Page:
Seminar - Universal banking and risk premium in financial markets
After the great depression in the United States, the Glass-Steagall Act of 1933 imposed a separation between investment banking and commercial banking activities. The former primarily deals with the business of underwriting securities while the latter engages in the business of taking deposits and making loans.
Thus, financial intermediaries could not participate simultaneously in both equity and loan markets. A series of financial reforms in the US, beginning in the late eighties and culminating in the Gramm-Leach-Bliley Act of 1999 put an end to this separation between commercial banking and investment banking, leading to universal banking. In light of the current debate about the financial crisis, a natural question arises whether this universal banking heightened the risk in the financial markets emanating from moral hazard of borrowers?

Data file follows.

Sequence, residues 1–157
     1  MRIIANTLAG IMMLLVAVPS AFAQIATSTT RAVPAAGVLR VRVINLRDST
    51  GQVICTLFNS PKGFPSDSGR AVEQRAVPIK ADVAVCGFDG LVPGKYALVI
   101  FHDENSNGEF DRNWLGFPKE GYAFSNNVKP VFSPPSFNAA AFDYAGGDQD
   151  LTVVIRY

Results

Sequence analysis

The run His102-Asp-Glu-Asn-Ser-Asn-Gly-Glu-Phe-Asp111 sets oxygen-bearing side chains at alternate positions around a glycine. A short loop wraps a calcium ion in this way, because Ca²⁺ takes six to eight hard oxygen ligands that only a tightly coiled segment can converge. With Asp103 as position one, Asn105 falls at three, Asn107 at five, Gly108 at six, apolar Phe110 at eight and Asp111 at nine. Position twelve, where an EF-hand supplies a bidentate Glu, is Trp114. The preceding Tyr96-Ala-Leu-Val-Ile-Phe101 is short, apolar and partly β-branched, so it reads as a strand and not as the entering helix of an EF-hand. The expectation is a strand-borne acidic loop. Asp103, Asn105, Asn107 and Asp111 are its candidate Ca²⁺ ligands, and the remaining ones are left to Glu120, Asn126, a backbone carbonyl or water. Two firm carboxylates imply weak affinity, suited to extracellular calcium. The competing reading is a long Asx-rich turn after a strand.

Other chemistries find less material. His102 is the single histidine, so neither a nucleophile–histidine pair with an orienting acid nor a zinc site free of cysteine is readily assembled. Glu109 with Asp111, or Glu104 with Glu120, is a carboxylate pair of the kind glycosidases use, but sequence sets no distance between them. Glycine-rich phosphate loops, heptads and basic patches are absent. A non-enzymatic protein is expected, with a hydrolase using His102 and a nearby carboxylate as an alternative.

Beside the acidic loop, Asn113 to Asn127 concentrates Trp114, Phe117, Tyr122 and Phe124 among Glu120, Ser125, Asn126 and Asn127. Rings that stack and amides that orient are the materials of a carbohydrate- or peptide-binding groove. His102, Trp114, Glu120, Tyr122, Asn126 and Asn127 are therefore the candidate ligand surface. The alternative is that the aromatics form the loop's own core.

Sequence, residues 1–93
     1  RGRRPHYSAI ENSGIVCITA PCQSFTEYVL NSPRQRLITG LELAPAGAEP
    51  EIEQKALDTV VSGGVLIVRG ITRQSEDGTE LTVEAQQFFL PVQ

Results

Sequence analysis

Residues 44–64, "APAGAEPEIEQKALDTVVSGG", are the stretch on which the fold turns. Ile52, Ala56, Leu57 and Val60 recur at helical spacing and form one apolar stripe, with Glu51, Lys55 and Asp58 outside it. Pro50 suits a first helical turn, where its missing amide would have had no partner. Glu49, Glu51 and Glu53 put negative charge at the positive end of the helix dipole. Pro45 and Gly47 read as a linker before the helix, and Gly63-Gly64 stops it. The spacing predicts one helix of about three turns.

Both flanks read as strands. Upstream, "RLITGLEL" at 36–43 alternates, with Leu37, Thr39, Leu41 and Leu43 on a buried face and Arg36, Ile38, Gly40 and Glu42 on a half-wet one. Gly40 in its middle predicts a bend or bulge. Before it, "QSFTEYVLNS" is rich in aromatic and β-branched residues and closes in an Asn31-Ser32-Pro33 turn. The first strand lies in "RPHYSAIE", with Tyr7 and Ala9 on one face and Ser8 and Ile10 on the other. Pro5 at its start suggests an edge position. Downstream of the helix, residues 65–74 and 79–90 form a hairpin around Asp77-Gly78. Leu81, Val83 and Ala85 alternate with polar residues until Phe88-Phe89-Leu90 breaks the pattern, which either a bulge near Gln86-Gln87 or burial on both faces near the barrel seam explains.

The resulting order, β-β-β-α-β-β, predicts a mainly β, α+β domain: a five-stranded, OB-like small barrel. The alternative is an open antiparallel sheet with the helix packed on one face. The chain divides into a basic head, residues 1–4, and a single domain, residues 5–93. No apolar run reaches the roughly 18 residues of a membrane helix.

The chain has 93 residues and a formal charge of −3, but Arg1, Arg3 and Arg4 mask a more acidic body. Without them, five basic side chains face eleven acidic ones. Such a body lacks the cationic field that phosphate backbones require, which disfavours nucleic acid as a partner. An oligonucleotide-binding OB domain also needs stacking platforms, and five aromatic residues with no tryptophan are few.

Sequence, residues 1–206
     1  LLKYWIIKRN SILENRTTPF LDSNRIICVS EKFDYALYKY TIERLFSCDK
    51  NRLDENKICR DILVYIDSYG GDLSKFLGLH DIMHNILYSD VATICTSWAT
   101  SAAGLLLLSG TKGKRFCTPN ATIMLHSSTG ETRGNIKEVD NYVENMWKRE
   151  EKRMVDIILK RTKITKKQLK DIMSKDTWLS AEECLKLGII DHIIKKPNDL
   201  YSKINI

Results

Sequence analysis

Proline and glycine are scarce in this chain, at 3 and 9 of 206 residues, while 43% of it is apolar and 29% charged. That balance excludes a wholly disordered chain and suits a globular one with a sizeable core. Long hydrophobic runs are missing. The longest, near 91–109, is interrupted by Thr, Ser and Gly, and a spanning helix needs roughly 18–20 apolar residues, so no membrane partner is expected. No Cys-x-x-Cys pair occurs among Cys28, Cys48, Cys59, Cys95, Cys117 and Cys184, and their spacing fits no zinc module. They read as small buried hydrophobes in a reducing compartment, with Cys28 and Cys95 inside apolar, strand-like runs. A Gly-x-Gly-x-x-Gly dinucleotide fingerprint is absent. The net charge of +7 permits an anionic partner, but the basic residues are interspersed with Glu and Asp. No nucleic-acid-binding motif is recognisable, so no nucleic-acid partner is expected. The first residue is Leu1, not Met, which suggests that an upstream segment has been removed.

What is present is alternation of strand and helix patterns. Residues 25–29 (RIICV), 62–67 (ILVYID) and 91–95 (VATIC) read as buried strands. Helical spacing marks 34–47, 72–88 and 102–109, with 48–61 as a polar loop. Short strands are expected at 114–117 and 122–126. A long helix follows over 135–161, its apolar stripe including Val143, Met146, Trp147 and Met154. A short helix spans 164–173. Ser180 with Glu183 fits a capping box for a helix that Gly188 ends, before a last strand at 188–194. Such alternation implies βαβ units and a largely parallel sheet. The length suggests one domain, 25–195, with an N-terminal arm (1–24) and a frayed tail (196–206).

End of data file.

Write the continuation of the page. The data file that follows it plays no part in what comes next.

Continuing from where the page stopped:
Using an intertemporal model, we argue that universal banking could give rise to a greater risk sharing arrangement if financial contracts are properly written. This could lower the equity risk premium attributed to informational asymmetry among lenders and borrowers.
Speaker: Professor Parantap Basu, School of Economics, Finance and Business, Durham University
Contact email@example.com for more information about this event.